Fritz Aristilde will tell anyone who will listen that God answers prayers.
After nearly a week of gut-wrenching waiting and imaging worst possible outcomes, Aristilde received word on Jan. 19 that his sister is alive and safe in Haiti.
“I am great,” belted Aristilde when a reporter called to inquire about his family for the third time since the 7.0 earthquake violently upended life in the small impoverished Caribbean nation on Jan. 12. “I asked for a miracle. This is an incredible miracle.”
The Clarkston business owner’s relief came thanks to a photo of his 24-year-old sister that was circulating via e-mail that someone in Haiti recognized. He was told that his “little sister” Bernande Aristilde has survived the collapse of her home and has left for the country—Au Cayes, located about 50 miles south of Port-au-Prince.
One day last week exhaustion overcame Aristilde.
With his cell phone clutched in his left hand, he was passed out mid-afternoon on a bright red sofa in the Clarkston restaurant/lounge where he is part owner. Three days into the Haiti disaster Aristilde still had no word on the whereabouts or condition of Bernande.
She lived at 81 Delmas in Port-au-Prince, the hard-hit capital of Haiti, but he didn’t know where she might have been when the quake rocked the country. Questions raced through his mind. Was she among the living? Was she injured and in need of assistance? Had she been rescued but unable to communicate?
Until this Monday, the news Aristilde had received had been devastating. Seven family members were at a home when the earthquake struck and all didn’t survive. His aunt lost her husband, mother, nephew and cousins. He said his aunt learned who died and who lived via an e-mail.
Asked how he’s coping, he said, “Only prayer, taking it one day at a time.”
Artistlde, who moved to America when he was 9, living in New York before coming to metro Atlanta five years ago, last spoke to his sister on Christmas.
Café Fasika, a Haitian/Caribbean restaurant and lounge on Indian Creek Drive in Clarkston, has become something of a gathering spot for Haitians awaiting news on family and friends. Where they previously came just for the food, drinks and music, now they come for solace and to share in personal reports—the good ones and the horrific. Someone recently shared that a 13-year-old cousin trapped in a house for more than a day made it out alive—without a scratch. A flat screen television looms overhead near the bar blaring nonstop cable news reports. Customers and workers keep their eyes on the screen. And in a corner of the café, boxes and plastic bags of donated goods intended for the survivors have begun to stack up.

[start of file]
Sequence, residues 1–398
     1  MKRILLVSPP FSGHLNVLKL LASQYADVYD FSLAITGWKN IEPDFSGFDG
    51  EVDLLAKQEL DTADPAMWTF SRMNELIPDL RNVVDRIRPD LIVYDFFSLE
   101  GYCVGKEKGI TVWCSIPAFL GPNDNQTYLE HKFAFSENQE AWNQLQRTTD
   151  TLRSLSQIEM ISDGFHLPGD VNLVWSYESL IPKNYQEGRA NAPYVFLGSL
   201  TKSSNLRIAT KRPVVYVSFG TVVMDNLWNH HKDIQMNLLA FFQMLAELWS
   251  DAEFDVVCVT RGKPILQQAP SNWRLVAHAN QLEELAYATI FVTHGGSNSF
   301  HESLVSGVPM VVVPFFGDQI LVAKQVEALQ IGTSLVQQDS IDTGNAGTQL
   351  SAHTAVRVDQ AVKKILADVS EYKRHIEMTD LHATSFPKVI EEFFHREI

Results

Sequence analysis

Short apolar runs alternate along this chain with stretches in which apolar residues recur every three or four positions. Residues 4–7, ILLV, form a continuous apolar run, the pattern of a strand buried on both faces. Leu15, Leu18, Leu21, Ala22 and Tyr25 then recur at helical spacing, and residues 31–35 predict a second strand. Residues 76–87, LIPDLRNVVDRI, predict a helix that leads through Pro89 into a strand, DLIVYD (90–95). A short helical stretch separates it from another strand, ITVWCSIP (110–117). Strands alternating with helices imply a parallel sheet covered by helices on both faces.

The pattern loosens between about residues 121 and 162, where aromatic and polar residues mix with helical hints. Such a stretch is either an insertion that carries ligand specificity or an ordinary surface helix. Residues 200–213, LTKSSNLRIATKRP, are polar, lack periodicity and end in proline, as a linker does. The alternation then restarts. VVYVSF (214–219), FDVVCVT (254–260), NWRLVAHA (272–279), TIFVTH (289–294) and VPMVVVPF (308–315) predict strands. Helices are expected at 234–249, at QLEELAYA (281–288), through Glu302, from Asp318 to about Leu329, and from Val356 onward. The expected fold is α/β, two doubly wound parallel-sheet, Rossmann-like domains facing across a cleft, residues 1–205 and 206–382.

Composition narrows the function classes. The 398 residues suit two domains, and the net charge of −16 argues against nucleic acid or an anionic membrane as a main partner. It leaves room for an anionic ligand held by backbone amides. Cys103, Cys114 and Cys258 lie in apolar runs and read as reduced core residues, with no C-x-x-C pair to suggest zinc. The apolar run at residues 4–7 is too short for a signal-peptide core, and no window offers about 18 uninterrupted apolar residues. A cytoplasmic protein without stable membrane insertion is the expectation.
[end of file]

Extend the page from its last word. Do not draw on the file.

Last week Hugues Dorvit of Covington dropped by Café Fasika to commensurate with those from his homeland.
Dorvit left Haiti in 1984 and has a large number of relatives on his mother’s side of the family who still live there.
“I haven’t been able to reach anyone,” he said last week. However a few days later, he got word from six of his cousins that they were safe. He’s still awaiting information on two uncles and an aunt.
Lorette Lucas, food ministry coordinator with Haitian Ministries, said they support 27 churches and schools in Haiti that they send clothes and supplies to as well as nurses to do mission work each year.
“Still in the stage we don’t know the fate of our families yet,” said Lucas. “We have not been able to get in touch with anybody. We cannot get through. We don’t know what happened. It’s really hard.”
Lucas noted that their church, Haitian Ministry Theophile Church in Christ on Custer Avenue in Atlanta, is now open every day and is accepting donations of medical supplies, water and clothing to send to Haiti as soon as possible. The church has a congregation of about 500, some of whom live in DeKalb County.
Lucas, who has been in the United States for 20 years, expressed concern for her 60-year-old father, brothers and other relatives in Port au Prince.
Meanwhile Aristilde is planning to donate proceeds for the next six months from the weekly Bouillon Nights held on Saturdays from 10 p.m. to 4 a.m. He said he’s eliminating the cover charge for the parties and will allow attendees to donate whatever they choose to Haiti relief.